Shrove Tuesday – Pancake Day
A Quire of Paper
– A Stack of Pancakes with Lemon & Sugar –
Yes, it’s that time of year again, Shrove Tuesday is today, that can only mean one thing………….PANCAKES. I have shared a few pancake recipes over the last few days, but the pancakes I want to share today are from a very old recipe and are called a Quire of Paper; during the 18th century wafer thin pancakes were extremely popular and were served in a stack with each pancake being dredged with caster sugar as they were built up. Sack (sherry) and melted butter were often served with them and the thinner the pancakes the better. Sometimes stacks reached the giddy heights of fifty pancakes tall, although I could only manage fifteen with my recipe. A quire is a measurement of paper, hence the name for these airy pancakes, as they appear to be paper thin and stacked as paper…….the official measurement is defined as: A set of 24 or sometimes 25 sheets of paper of the same size and stock; one twentieth of a ream.
As you can see from my photos, I chose to serve my quire of pancakes with lemon and sugar – it’s not that I don’t like sherry, it’s just that I was wary of imbibing so early in the morning! I used my basic pancake recipe, but some of the older recipes have an enriched pancake batter with extra eggs and egg yolks, as well as cream. I am sure if I had made my quire of pancakes with extra eggs, cream and then served the with sherry, I would have had difficulty in participating in the pancake race……as it is, I am bowing out this year anyway, so maybe I could have had a glass of sherry with my cream enriched pancakes!
The history of the pancake race is fascinating however, and most famous is the Olney pancake race; The Olney Pancake Race dates back to more than five hundred years and is held on Shrove Tuesday. The course is 415 yards long and is run from the Market Place to the Church at 11.55 a.m. Participants, who are usually housewives or young ladies of the town, must have lived in Olney for at least 3 months and be at least 18 years old. Competitors must wear the traditional costume to include a skirt, apron and head scarf. They must of course carry a frying pan containing a pancake and the winner on crossing the line must toss her pancake before she is greeted by the verger with the traditional kiss of peace. The race is immediately followed by a Shriving service in the Parish Church when the official Olney and Liberal prizes are presented. The word “shrove” is derived from the word “shrive” which means to confess your sins and receive absolution in return, a necessary act before entering the period of Lent.
Pancakes around the world – Just about every country has its own version of the pancake. Some of the best-known are: buckwheat flour galettes from Brittany as well as the chickpea-flour socca of Nice, and many other crepes that are found all over France; then there are the chickpea/flour farinata of Liguria, and chestnut flour necci from Lucca and Pistoia in Italy; sweet Cretan tiganetes of Greece; then there are the exotic fragrant rosewater-spiked ataif of the Middle East; comforting potato latkes and Ashkenazi cheese blintzes of Israel; Moroccan semolina baghrir; numerous spicy chickpea and black-eye bean pancakes of Africa; huge crisp wheat-flour and potato pancakes of the Netherlands; and finally Russian buckwheat-flour blinis…..the variety is exciting and the list appears endless.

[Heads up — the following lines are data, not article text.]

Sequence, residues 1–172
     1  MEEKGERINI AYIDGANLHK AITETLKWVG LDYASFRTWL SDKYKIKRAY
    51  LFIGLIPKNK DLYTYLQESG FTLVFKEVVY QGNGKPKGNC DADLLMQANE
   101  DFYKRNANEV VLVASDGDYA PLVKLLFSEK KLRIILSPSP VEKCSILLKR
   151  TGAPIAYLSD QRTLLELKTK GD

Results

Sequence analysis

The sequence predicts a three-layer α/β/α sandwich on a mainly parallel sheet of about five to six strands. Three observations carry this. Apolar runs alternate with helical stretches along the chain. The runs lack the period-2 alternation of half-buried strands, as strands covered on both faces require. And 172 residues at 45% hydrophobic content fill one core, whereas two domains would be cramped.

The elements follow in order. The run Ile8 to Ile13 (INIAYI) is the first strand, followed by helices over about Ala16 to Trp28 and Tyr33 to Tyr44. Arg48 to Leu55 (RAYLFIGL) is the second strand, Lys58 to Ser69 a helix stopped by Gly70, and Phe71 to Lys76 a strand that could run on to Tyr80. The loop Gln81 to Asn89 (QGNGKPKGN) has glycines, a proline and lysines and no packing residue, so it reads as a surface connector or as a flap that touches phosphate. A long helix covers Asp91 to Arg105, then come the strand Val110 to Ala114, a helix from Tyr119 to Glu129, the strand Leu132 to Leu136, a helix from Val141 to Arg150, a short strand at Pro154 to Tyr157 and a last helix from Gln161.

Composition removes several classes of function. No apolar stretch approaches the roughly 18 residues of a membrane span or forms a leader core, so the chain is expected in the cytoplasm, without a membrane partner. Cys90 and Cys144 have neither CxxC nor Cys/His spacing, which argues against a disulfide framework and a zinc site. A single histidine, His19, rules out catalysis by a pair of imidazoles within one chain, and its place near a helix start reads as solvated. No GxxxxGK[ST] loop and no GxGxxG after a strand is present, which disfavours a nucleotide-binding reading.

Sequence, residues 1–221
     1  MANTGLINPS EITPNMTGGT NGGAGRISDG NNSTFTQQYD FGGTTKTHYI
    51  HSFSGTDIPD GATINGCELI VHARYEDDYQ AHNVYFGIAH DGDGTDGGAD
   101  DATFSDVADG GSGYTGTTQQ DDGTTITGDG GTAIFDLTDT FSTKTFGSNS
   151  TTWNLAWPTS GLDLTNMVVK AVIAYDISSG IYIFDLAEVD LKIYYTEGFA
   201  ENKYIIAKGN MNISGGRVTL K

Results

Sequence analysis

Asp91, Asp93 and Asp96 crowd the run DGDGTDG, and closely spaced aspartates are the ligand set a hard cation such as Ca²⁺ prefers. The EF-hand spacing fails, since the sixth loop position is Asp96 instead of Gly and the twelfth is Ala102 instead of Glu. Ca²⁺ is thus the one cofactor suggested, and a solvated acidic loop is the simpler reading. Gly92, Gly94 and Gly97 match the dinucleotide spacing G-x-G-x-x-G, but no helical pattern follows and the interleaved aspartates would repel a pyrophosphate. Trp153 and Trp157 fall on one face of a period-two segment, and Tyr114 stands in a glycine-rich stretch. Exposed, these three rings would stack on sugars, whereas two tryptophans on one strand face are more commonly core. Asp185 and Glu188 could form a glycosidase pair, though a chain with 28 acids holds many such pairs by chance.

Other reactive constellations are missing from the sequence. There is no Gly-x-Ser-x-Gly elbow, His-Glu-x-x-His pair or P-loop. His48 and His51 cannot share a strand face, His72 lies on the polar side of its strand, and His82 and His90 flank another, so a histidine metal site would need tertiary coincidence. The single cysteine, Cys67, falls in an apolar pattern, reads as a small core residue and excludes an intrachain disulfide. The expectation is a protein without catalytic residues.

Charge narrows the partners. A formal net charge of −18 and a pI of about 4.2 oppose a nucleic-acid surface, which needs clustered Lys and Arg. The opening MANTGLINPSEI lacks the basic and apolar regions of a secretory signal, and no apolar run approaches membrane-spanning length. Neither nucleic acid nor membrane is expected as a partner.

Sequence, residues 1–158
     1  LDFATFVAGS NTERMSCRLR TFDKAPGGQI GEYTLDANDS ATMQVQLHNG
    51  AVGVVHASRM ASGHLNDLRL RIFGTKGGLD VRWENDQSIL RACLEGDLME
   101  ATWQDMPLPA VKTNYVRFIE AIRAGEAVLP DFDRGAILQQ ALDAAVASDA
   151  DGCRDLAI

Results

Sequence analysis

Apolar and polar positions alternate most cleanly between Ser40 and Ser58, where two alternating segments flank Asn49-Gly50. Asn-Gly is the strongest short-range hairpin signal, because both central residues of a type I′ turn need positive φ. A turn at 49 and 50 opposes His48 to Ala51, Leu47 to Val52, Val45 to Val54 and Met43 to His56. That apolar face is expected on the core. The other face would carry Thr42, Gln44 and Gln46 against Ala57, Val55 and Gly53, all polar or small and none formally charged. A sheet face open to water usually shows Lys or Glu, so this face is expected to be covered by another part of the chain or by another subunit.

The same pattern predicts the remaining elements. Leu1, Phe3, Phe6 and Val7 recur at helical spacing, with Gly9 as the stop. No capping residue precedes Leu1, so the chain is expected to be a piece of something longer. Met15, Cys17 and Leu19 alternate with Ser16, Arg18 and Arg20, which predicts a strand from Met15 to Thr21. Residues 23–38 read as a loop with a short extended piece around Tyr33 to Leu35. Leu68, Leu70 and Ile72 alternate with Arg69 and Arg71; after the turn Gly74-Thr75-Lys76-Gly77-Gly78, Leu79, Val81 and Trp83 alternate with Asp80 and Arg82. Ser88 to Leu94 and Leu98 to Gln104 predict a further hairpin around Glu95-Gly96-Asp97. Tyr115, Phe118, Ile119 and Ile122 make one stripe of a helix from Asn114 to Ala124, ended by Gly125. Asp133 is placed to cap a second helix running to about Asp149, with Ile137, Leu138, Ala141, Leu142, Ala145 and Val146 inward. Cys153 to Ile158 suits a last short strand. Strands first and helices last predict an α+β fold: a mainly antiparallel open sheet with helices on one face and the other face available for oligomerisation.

In England we also used to have our regional variations, Gloucester pancakes were made with suet, which gave them a rich, grainy texture and they were the size of a large scone, fried in lard, and served with golden syrup – good heavens! Elsewhere, there were “harvest pancakes for the poor” and “cream pancakes for the rich”. The former were quick-cooking portable pancakes that were eaten by farm labourers; the batter was made with pale ale, powdered ginger and chopped apple; small ladlefuls of the batter were then cooked in lard. The pancakes for the rich on the other hand, were large and very thin. They were made with cream, nutmeg, dark sherry, rosewater or orange flower water, and cooked in butter, a version of my quire of paper pancakes.
The recipe below is my basic pancake batter and it will yield about fifteen VERY thin pancakes, you must make sure that the batter is poured on as thinly as possible; you can of course increase the quantities and also enrich the batter if you wish. I hope you enjoy your pancakes today and you all have a flipping good Pancake Day, sorry! I will see you all later, Karen